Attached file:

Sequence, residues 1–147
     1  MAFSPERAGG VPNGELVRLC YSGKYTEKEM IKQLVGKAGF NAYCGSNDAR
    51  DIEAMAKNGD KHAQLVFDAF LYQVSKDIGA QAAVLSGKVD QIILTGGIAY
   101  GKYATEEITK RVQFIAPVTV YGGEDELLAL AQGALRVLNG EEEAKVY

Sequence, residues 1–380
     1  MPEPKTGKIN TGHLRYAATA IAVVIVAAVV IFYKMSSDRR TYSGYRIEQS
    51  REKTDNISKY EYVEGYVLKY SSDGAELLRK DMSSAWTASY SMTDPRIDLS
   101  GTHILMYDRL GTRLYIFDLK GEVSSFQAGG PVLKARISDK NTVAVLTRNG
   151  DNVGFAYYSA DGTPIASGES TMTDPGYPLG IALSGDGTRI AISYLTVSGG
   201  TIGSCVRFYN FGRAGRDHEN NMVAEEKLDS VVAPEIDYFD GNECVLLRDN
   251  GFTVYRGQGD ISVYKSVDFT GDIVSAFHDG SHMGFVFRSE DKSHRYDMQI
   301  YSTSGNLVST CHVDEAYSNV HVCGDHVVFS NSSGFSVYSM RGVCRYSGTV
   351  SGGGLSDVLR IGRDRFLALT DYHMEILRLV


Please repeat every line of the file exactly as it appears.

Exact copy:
Sequence, residues 1–147
     1  MAFSPERAGG VPNGELVRLC YSGKYTEKEM IKQLVGKAGF NAYCGSNDAR
    51  DIEAMAKNGD KHAQLVFDAF LYQVSKDIGA QAAVLSGKVD QIILTGGIAY
   101  GKYATEEITK RVQFIAPVTV YGGEDELLAL AQGALRVLNG EEEAKVY

Sequence, residues 1–380
     1  MPEPKTGKIN TGHLRYAATA IAVVIVAAVV IFYKMSSDRR TYSGYRIEQS
    51  REKTDNISKY EYVEGYVLKY SSDGAELLRK DMSSAWTASY SMTDPRIDLS
   101  GTHILMYDRL GTRLYIFDLK GEVSSFQAGG PVLKARISDK NTVAVLTRNG
   151  DNVGFAYYSA DGTPIASGES TMTDPGYPLG IALSGDGTRI AISYLTVSGG
   201  TIGSCVRFYN FGRAGRDHEN NMVAEEKLDS VVAPEIDYFD GNECVLLRDN
   251  GFTVYRGQGD ISVYKSVDFT GDIVSAFHDG SHMGFVFRSE DKSHRYDMQI
   301  YSTSGNLVST CHVDEAYSNV HVCGDHVVFS NSSGFSVYSM RGVCRYSGTV
   351  SGGGLSDVLR IGRDRFLALT DYHMEILRLV